Fausto Carmona coughing up seven runs in two innings against the Twins
last night was apparently the final straw for the Indians, as they
dropped the struggling right-hander from the rotation and sent him to
the minors this afternoon.
Rather than simply option him to Triple-A, the Indians have decided
to send Carmona all the way down rookie-ball, although with the Arizona
League still a couple weeks from getting underway it looks like he’ll
basically just be at extended spring training for a while.
Clearly the Indians feel that his struggles go beyond simply
pitching poorly and extend to the erosion of his mechanics or mental
state. Or maybe both. While extreme, the move is not totally without
precedent. Roy Halladay and Dontrelle Willis are examples of big-name
pitchers who were sent to the low minors at the peak of their
struggles, with the demotion working wonders for Halladay and, so far
at least, doing little for Willis.
Carmona came out of nowhere to finish fourth in the Cy Young
balloting two years ago, using his power sinker to go 19-8 with a 3.06
ERA and 137/61 K/BB ratio in 215 innings. Since then he has a 6.10 ERA
and 94/111 K/BB ratio in 181 innings, including an MLB-worst 41 walks
in 61 frames this season. He’s still working at 92-94 miles per hour
and still getting tons of ground balls, but just can’t throw the ball
over the plate consistently (although he’s not in Rick Ankiel
As part of the contract extension that Carmona signed in April of
last year, the Indians owe him $4.9 million next season and $6.1
million in 2011, and then have $28 million worth of team options from
2012-2014. Locking players up before they hit arbitration is a strategy
that the Indians and other teams have used successfully over the years,
but Carmona is looking like an example of how it can backfire.
Jon Heyman of FanRag Sports reports that the Cardinals and catcher Yadier Molina are making “major progress” on a contract extension. Molina told the team he won’t discuss an extension during the season, hence the rapid progress.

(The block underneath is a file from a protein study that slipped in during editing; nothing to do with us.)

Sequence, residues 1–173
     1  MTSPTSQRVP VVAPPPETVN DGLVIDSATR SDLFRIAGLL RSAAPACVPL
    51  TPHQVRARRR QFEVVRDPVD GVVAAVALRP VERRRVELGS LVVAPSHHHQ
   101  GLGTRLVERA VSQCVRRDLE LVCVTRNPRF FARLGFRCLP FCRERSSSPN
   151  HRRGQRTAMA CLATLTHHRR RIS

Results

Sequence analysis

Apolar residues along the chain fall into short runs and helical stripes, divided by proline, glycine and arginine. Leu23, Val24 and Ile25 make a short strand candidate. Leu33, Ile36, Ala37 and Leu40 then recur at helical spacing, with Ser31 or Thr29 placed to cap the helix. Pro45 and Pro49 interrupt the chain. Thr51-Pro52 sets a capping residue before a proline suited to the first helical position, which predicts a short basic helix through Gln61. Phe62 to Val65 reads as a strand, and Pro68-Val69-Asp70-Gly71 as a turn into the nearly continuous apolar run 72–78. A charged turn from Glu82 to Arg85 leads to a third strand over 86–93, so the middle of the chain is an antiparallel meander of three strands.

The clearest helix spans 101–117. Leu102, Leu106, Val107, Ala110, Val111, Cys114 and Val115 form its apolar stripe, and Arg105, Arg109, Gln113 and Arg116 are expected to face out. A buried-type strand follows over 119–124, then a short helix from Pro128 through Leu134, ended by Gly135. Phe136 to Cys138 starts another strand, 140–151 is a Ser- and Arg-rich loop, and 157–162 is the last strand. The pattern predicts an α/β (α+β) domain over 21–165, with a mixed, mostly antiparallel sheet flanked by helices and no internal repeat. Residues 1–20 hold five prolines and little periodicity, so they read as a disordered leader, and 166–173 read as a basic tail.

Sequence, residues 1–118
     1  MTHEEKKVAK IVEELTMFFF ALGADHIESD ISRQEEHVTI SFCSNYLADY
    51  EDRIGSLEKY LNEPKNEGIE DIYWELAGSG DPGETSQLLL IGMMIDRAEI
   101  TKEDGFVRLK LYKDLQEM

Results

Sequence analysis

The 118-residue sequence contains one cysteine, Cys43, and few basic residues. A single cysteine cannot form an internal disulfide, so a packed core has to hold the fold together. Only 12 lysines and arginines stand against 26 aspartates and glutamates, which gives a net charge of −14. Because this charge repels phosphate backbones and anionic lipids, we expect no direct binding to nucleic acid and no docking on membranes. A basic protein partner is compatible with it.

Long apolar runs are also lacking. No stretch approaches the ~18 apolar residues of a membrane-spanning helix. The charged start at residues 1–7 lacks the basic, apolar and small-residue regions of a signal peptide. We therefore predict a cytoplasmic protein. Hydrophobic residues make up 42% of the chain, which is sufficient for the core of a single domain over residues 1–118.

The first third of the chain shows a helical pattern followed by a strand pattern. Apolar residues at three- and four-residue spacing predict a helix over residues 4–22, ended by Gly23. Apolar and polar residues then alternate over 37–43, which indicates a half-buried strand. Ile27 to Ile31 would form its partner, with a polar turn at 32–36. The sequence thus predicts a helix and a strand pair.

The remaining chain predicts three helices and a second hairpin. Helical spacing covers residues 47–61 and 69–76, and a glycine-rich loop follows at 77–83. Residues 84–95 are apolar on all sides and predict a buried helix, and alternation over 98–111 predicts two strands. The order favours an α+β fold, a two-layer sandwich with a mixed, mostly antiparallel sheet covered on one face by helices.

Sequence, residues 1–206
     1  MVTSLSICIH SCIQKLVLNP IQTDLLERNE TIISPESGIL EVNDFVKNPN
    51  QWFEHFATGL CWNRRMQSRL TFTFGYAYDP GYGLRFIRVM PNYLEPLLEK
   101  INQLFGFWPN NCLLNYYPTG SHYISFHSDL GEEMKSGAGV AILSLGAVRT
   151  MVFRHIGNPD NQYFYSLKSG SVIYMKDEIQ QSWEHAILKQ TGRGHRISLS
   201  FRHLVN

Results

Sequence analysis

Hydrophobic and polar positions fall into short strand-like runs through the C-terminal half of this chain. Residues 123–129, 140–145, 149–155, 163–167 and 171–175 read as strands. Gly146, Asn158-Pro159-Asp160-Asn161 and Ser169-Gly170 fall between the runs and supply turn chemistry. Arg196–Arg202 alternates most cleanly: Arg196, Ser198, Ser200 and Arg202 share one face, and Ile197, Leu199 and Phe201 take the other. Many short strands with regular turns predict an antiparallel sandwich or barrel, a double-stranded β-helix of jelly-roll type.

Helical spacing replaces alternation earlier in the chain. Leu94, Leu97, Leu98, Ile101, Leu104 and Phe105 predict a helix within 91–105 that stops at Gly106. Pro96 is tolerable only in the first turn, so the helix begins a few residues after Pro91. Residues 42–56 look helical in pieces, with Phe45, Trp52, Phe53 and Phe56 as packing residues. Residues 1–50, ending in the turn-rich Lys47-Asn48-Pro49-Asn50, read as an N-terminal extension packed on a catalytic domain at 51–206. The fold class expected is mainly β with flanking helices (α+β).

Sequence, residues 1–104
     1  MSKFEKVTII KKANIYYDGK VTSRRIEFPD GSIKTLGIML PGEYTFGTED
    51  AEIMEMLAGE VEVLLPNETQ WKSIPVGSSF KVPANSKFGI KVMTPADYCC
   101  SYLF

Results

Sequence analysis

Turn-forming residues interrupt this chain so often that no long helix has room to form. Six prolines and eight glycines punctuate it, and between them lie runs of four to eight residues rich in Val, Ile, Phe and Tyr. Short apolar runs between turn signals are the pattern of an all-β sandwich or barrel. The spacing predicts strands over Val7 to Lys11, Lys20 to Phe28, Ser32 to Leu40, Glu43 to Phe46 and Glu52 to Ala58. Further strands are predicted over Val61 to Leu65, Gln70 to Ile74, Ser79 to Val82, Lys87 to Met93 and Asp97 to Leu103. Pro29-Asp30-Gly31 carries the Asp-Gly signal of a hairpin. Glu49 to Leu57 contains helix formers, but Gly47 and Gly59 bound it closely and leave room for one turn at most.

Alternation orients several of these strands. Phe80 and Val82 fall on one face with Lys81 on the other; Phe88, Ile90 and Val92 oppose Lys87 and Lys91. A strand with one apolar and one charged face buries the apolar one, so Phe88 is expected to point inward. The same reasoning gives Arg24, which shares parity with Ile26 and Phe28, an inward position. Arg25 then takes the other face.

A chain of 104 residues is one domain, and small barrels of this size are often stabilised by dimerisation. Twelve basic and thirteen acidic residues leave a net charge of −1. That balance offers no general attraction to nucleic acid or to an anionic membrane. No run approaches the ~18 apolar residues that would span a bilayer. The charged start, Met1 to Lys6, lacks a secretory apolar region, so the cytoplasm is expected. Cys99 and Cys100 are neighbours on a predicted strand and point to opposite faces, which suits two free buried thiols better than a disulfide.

Molina is entering the last guaranteed year of a five-year, $75 million contract signed in March 2012. He and the Cardinals hold a mutual option worth $15 million with a $2 million buyout for the 2018 season. The new extension would presumably cover at least the 2018-19 seasons and likely ’20 as well.
Molina is 34 years old but is still among the most productive catchers in baseball. Last season, he hit .307/.360/.427 with 38 doubles, 58 RBI, and 56 runs scored in 581 plate appearances. Though he has lost a step or two with age, Molina is still well-regarded for his defense. The Cardinals also value his ability to handle the pitching staff.
Red Sox catcher Sandy Leon achieved a rare feat during Monday afternoon’s Grapefruit League exhibition against the Orioles: he homered twice in one inning. One of those homers happened to be a grand slam.
Leon led off the top of the fifth inning with a solo home run off of Logan Verrett. Verrett continued to get knocked around, giving up three singles and a walk before being relieved by Brian Moran. Moran gave up a walk to load the bases, then a single to knock in a run and keep the bases loaded. Leon stepped back to the plate and swatted a grand slam to left field, making it an eight-run fifth for the Red Sox. The Sox would tack on one more before the inning was mercifully ended.
How often do players homer twice in one inning during the regular season? Not that often. Since 2010, the feat has been accomplished four times in the American League and twice in the National League. The Orioles’ Mark Trumbo was the only one to do it last year.
As for Leon, he’s on track to open the season as the starting catcher in Boston, Jason Mastrodonato of the Boston Herald reported last week.